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Navigating Trail Etiquette: Ensuring Safety for All Users

Navigating Trail Etiquette: Ensuring Safety for All Users

Hidden within the tranquil trails around housing tracks lies a piece of forgotten history. Originally designed for equestrians seeking a safe route for their horses’ hooves, these paths now accommodate a diverse array of outdoor enthusiasts. However, as their popularity among hikers, bikers, and joggers has grown, so too have conflicts and safety concerns. 

Some of you may have never seen a horse use these trails, and others may have only spotted tracks or a pile of manure. However, there are high odds that you may end up in the path of a wandering horse and rider. Today, we will prepare you for this encounter so you know exactly what the rules of the trail are, and equestrians will thank you.

Respecting the natural order of shared trails can lead to safer and more harmonious experiences for all users. According to the American Trails organization, horses always have the right of way on these paths. This means that hikers, bikers, and runners should yield to horses by stepping to the side of the trail and allowing them to pass safely. Failing to do so can startle the horse, potentially leading to dangerous situations for both the rider and other trail users.

Cat Hill

Some of you who hike at parks may recognize that these principles are applied in many parks and outdoor areas. Just as yielding to pedestrians is a norm in urban settings, respecting the right of way for horses is a similar principle in trail etiquette. Understanding and following these guidelines can prevent accidents and ensure everyone can enjoy their time on the trails safely.

To shed light on this issue, we spoke with two individuals: Sarah Rivers, an experienced horse rider, and Mark Rodriguez, a local resident who was unaware of the trail’s original purpose.

Sarah Rivers, a passionate equestrian, emphasizes the importance of trail etiquette. “Horses are powerful animals, but they can be easily spooked, especially by sudden movements or loud noises,” she explains. “When other trail users yield to us, it helps keep everyone safe.”

Mark Rodriguez, who frequently uses the trail for jogging, was surprised to learn about the right of way for horses. “I had no idea that these trails were meant for horses,” he admits. “I’ll make sure to stop for them if I ever see one.”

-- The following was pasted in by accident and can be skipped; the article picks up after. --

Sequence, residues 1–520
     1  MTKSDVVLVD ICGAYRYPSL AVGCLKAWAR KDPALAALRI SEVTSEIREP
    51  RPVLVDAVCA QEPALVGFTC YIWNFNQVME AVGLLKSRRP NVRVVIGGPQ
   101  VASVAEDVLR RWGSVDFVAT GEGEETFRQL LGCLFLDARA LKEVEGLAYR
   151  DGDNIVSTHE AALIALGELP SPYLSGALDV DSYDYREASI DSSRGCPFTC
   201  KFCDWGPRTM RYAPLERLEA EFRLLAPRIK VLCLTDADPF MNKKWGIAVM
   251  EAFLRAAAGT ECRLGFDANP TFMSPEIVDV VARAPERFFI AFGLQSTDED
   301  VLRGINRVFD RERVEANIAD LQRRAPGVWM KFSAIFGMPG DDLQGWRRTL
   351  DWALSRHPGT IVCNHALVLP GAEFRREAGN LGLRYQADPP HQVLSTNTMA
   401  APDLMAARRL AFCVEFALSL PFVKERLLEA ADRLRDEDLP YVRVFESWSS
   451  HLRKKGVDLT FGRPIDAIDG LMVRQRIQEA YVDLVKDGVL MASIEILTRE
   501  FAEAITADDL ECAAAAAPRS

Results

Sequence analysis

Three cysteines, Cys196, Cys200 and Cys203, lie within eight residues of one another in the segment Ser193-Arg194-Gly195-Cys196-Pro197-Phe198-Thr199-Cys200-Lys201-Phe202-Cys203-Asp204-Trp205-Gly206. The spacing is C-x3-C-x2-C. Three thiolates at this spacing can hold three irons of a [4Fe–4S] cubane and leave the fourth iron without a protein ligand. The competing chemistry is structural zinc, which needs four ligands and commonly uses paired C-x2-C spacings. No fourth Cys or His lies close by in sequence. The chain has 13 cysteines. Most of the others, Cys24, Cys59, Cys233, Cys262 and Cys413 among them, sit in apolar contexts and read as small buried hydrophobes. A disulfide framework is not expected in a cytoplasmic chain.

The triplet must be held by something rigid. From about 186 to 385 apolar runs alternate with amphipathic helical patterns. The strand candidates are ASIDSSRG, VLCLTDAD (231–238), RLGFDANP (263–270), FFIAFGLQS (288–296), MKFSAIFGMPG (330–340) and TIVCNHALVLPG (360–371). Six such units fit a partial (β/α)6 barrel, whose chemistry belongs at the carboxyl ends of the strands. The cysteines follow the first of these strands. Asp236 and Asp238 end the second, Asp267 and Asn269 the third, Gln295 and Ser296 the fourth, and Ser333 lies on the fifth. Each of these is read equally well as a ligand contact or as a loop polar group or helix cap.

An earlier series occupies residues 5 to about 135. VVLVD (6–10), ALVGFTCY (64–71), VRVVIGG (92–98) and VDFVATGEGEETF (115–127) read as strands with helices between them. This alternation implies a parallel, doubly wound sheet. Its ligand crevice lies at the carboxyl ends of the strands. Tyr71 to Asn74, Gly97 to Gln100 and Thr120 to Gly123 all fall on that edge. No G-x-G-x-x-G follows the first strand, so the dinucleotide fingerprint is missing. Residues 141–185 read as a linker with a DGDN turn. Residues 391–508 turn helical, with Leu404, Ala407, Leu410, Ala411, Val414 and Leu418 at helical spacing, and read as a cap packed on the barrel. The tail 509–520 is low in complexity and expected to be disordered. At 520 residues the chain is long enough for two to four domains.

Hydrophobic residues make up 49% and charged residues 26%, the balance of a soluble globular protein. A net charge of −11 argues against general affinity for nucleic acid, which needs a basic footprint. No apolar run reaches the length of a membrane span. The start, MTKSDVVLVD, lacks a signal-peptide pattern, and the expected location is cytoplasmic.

Educating trail users about proper etiquette is crucial for everyone’s safety. American Trails suggests the following guidelines for sharing trails with horses:

Yield the right of way: When encountering horses on the trail, step off to the side and allow them to pass. Avoid sudden movements or loud noises that may startle the animals.

Keep dogs under control: If you’re walking your dog on the trail, keep them on a leash and under control. Dogs running loose can spook horses and lead to accidents.

Stay on designated trails: Straying off the marked trail can damage vegetation and disturb wildlife. It’s also important to respect private property boundaries.

Communicate with riders: If you’re approaching a horse from behind, announce your presence in a calm voice. This gives the rider time to prepare the horse for your passing.

Be respectful: Remember that horses are living creatures, and their safety and well-being should be a top priority for all trail users.

By following these simple guidelines, trail users can ensure a safer and more enjoyable experience for everyone. Whether you’re a seasoned equestrian or a casual hiker, understanding and respecting trail etiquette is key to preserving these outdoor spaces for future generations.

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About the Contributor
Cat Hill
Cat Hill, Writer
Hello, my name is Catherine Hill, I am seventeen years old, and I’ve been at MSJC for four years. I am a communications major who is transferring to Cal Poly Pomona. I currently have an AA in communications, an AS in administrative justice, and at the end of this semester, I'll have an AA in Journalism. I hope to dive into our local communities and give you a slice of what’s around us. "I just sit at the typewriter and curse a bit." -P.G. Wodehouse
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